Large patient numbers, limited staff training and time pressures mean that delivering face-to-face behavioural interventions in practice can be resource intensive. This has the potential to save the NHS money if obesity-linked health problems can be prevented. The intervention was mostly delivered online, the costs of the intervention are low, it is easy to roll out, and likely to be very cost-effective for the NHS

Obesity is a growing problem in the UK. The World Health Organisation (WHO) reported in 2014 that 28% of adults were clinically obese, that is having a Body Mass Index (BMI) of over 30, this is a huge rise over obesity levels in 1980 when around 7% of adults were obese.

Their are a number of serious health problems linked to obesity including: diabetes, heart disease, hypertension and stroke. This ill health, as well as causing misery to the ill, also has cost implications to society as a whole. The cost to the NHS of dealing with obesity/overweight related disease in 2015 was between £6bn and £8bn, this is predicted to rise to between £10bn and £12bn by 2030.

The study, published in *The Lancet Diabetes & Endocrinology, consisted of 818 people with a BMI of over 30. These were randomly allocated to one of three groups, who all took part in 24 web based sessions over 6 months and had a follow up session at 12 months.

The control group used an existing online intervention to receive evidence based diet advice to replace unhealthy foods with similar but healthier choices, and increase fruit and vegetable intake. They also had brief visits to a nurse at 6 months and 12 months, similar to all groups, which did not provide counselling.

The POWeR+F group received automated behavioural counselling through the app, and three scheduled face-to-face nurse support sessions in the first three months. Four optional face-to face sessions were available in the following three months, the nurse would be alerted that a patient needed help if weight gains were recorded on two consecutive logins to the app.

The POWeR+R used the app but had less professional support than the +F group. Patients received the same automated counselling but the face-to-face contacts were replaced by phone or email contacts.

Although all the groups lost weight, the groups receiving help from the POWeR+ app lost more, and were more likely to have maintained clinically important weight loss (CIWL), which is when 5% weight loss is maintained at the12 month mark:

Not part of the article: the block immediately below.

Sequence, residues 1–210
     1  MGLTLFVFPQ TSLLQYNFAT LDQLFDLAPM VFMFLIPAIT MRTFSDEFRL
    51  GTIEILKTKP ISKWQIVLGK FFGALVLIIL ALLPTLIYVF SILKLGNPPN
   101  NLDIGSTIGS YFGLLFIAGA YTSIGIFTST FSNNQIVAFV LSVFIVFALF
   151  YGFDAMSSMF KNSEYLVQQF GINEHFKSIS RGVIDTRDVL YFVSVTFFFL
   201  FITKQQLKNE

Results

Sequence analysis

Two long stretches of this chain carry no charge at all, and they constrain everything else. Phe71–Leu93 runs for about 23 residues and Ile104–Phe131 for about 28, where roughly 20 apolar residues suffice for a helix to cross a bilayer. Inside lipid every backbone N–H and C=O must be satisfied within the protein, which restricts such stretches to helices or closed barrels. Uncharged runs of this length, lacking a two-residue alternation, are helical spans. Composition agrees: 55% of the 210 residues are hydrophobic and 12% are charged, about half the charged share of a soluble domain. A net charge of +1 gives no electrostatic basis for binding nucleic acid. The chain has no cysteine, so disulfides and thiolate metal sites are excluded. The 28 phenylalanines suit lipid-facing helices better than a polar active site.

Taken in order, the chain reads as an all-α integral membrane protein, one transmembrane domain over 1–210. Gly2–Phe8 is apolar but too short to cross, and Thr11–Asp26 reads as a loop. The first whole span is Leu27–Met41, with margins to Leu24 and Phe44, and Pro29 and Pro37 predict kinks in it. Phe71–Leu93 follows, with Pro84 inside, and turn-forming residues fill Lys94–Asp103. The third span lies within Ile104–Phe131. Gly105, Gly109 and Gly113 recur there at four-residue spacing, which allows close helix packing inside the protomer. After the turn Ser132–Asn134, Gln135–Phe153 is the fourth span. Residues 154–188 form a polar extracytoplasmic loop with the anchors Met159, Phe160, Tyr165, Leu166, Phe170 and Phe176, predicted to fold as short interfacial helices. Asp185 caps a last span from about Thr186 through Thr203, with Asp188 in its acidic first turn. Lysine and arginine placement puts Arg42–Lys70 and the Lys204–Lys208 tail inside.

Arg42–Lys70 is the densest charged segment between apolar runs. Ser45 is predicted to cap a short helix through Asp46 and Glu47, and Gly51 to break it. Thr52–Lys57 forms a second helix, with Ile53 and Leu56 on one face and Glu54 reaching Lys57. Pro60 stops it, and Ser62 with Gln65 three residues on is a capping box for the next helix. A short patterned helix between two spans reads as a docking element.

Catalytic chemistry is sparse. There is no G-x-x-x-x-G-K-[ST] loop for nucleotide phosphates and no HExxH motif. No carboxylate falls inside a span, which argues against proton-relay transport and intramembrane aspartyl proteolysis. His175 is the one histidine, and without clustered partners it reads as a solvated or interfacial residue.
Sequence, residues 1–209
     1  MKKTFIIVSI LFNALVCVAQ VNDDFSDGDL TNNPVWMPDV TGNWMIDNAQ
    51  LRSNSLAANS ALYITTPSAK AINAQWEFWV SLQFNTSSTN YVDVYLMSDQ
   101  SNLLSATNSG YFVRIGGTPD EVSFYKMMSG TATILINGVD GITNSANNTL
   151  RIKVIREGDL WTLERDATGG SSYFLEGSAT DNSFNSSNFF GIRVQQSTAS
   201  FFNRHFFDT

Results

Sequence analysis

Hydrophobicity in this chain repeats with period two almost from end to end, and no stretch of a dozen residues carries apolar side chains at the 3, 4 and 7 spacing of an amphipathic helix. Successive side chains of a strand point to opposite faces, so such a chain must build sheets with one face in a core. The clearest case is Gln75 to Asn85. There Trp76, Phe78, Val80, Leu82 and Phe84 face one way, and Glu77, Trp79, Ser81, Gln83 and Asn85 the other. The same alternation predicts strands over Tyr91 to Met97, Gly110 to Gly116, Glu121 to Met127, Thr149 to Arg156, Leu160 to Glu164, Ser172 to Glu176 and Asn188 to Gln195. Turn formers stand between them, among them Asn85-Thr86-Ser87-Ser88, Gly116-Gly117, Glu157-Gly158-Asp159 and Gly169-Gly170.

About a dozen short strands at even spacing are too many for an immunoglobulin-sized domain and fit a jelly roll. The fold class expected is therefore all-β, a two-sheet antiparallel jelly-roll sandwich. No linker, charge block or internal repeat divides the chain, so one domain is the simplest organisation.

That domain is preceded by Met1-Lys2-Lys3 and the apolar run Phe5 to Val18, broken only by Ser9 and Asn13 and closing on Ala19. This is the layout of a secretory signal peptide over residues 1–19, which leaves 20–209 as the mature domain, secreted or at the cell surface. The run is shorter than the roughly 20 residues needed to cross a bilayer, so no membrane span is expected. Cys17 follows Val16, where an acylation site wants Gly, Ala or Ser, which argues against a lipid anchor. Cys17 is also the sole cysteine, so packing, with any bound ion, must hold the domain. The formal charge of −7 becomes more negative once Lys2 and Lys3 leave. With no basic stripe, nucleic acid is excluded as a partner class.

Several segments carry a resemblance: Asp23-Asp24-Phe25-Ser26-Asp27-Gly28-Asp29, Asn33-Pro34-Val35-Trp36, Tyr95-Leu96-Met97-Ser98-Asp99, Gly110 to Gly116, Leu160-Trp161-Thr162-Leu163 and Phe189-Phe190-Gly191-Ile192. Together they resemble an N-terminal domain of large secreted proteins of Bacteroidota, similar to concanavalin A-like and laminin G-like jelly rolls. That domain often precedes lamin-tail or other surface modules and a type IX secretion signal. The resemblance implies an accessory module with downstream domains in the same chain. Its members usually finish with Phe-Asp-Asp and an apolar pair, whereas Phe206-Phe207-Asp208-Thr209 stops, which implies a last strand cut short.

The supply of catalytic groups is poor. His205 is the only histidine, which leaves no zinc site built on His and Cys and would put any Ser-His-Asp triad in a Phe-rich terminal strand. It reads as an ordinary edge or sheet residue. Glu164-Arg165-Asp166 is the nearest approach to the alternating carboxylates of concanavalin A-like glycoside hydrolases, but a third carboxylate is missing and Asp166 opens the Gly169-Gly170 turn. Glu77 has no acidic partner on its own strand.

• Control – lost 3 kg (avg) during 12 months, 21% maintained CIWL

  • POWeR+F – lost 4.5 kg (avg) during 12 months, 29% maintained CIWL

  • POWeR+R – lost 4.3 kg (avg) during 12 months, 32% maintained CIWL

Little said of the results:

Many people receiving the POWeR+ intervention were able to sustain weight loss over one year but also felt more enabled in managing their weight going forward, and fewer resorted to other activities such as commercial slimming programmes to lose weight.

The costs to the NHS

The intial results on weight loss alone look impressive but become even more so when combined with the cost savings to the NHS possible when using a tool like POWeR+.

The National Institue for Health and Care Excellence (NICE)has estimated that any intervention costing a *£100 per kg of weight lost, if maintained for life, would be a cost effective way of reducing the NHS spend on obesity/overweight related disease.

The estimated incremental overall NHS cost per kg lost of the POWeR+ groups, compared to the control group, was £18 for POWeR+F and – £25 for POWeR+R; meaning POWeR+R cost less or was more cost effective than the control strategy.

Both POWeR+ interventions achieve cost per kg weight losses below the NICE threshold (according to the report’s conclusions), even though the POWER+ interventions were only for 6 months, CIWL remained steady upto the 12 month mark.

To give a ball park figure of the possible cost saving involved we can take the figure for the adult population of the UK in 2014 at 64.6 million. If the 28% of these who were obese were to lose 1kg each, using this app, the ball park figure for money saved comes to £452.2 million; and that doesn’t include costs saved down the line due to treating less obesity related disease.

With such promising results you may be wondering when this online tool will be made available for public use. A University of Southampton spokesperson had this to say:

we can’t give a definitive timescale of the intervention going to market but we hope it is very soon as we have had widespread interest from various health organisations in the UK